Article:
It was just that one line, about the beginning of everything, and that one bottle of whisky, which told us all it was soon time for bed. I remember one year though, I must have been fourteen, I broke the silence which had settled after he’d finished that first line with:
‘Why a bottle of whisky?’
Then he said something to me which I’ve never forgotten, ‘Why whisky you say? All the crazy, deadly and just down right wacko which call Australia home needed to have come from somewhere. I came into this world because of a soon to be empty bottle of whisky and two glasses, look what that did to me. I’m perfectly normal but I know I’m part crazy and that’s half the fun.’
That’s how I want to remember him, always excited about something, thinking up impossible inventions which would never have made it in the real world, but to him they made sense. So eventually, we would too. His wild hair giving him the air of a mad scientist.
He really liked Emus, they were in the weird category he’d filed himself into. A large bird who can’t fly, but makes it work in this strange place. I loved him for that.”
I looked up at the hall of people, my eyes now damp with tears.
“Goodbye Dad. And thank you. Thank you for everything!”
Thanks for reading! And I hope you all have a very merry Christmas, and for those who don’t celebrate Christmas I hope you have happy holidays!
Before I went to see The Great Gatsby I had heard mixed views on how good it actually was. Some said that it was long winded and boring – a mere show of lights and costumes; while others were raving about it and claiming it to be a true and good interpretation of the novel. I was a little worried that these differing opinions would taint my judgement of the film…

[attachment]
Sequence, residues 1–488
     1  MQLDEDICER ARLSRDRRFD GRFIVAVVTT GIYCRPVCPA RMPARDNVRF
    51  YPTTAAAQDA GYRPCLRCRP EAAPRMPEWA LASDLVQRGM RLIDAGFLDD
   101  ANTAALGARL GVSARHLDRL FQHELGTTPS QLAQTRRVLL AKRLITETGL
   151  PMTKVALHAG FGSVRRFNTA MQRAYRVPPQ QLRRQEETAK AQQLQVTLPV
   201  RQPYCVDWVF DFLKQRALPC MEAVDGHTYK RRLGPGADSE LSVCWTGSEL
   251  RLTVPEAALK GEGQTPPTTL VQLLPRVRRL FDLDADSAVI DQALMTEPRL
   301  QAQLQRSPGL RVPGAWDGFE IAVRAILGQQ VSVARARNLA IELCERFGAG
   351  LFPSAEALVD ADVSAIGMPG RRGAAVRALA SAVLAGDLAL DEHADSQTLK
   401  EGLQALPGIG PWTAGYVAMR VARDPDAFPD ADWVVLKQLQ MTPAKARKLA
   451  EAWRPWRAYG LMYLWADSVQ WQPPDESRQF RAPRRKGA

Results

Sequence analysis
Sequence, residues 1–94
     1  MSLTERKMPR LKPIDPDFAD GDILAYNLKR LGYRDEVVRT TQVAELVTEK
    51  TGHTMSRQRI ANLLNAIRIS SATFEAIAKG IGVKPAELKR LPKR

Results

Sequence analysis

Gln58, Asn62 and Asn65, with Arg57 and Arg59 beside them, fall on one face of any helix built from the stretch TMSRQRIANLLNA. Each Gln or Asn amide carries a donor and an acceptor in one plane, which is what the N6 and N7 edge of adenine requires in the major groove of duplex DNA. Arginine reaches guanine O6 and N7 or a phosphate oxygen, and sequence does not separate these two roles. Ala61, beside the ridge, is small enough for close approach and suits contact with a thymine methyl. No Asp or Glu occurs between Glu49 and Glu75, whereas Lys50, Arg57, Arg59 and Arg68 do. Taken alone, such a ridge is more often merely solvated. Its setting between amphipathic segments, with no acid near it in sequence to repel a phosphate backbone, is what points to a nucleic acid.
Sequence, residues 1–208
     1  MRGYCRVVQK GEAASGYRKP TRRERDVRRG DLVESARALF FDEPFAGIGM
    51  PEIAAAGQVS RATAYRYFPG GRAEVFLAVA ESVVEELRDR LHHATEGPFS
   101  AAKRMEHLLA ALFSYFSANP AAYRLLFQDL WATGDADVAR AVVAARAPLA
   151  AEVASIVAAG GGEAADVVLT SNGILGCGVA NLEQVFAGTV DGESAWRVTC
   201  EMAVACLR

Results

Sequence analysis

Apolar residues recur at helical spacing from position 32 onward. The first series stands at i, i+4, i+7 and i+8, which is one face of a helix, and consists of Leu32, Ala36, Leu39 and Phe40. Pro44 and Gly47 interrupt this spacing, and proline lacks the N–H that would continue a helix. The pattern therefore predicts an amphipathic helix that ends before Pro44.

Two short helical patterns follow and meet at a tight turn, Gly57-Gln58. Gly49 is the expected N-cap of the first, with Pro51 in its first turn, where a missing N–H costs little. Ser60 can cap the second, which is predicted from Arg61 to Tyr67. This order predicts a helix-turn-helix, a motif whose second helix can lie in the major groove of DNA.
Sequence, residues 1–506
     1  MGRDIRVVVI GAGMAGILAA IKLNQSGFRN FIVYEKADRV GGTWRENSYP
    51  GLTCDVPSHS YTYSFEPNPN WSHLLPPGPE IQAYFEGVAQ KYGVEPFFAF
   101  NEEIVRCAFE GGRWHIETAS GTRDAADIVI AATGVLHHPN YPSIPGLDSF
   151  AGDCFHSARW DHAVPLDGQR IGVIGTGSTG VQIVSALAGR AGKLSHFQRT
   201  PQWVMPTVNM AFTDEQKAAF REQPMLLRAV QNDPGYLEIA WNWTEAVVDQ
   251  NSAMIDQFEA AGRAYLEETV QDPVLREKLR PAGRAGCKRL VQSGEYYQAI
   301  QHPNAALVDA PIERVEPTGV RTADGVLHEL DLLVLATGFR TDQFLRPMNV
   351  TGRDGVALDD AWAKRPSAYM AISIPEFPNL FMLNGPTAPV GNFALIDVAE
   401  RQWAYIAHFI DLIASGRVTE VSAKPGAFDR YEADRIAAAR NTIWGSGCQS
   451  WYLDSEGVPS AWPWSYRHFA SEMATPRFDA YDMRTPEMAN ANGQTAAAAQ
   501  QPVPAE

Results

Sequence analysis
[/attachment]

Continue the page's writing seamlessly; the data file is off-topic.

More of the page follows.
…I could never have been so wrong!
Once I was sitting in the cinema and the opening credits had started, there was no thought given to those other opinions, and in truth it was an absolutely beautiful film.
(Please note here, dear reader, that I had – at this point at least – despite my strict ‘book before film’ policy, not read Fitzgerald’s The Great Gatsby. A fact that I have since rectified, and am very glad to have done so!)
A story of love, class and an unfailing hope that is told through the eyes of, Toby McGuire’s character Nick Cassaway, a wall street marketer who moves in next to Leonardo Di DiCaprio’s character of J. Gatsby, the working class man turned millionaire, all for the love of his life – Daisy Buchanan. Nick is thrown head first into Gatsby’s world of parties, money and extravagance, also sometimes as a sort of wing-man for Gatsby; Nick’s connection to Daisy vital to why Gatsby is like he is.
What I find most fascinating about the story Nick narrates, is the fabulous and almost impossible parties that Gatsby holds at his mansion, all in the hope that Daisy may turn up to one. It is this which I think the film did very well is the lavishness of the lights show, costumes and all round beauty in these scenes.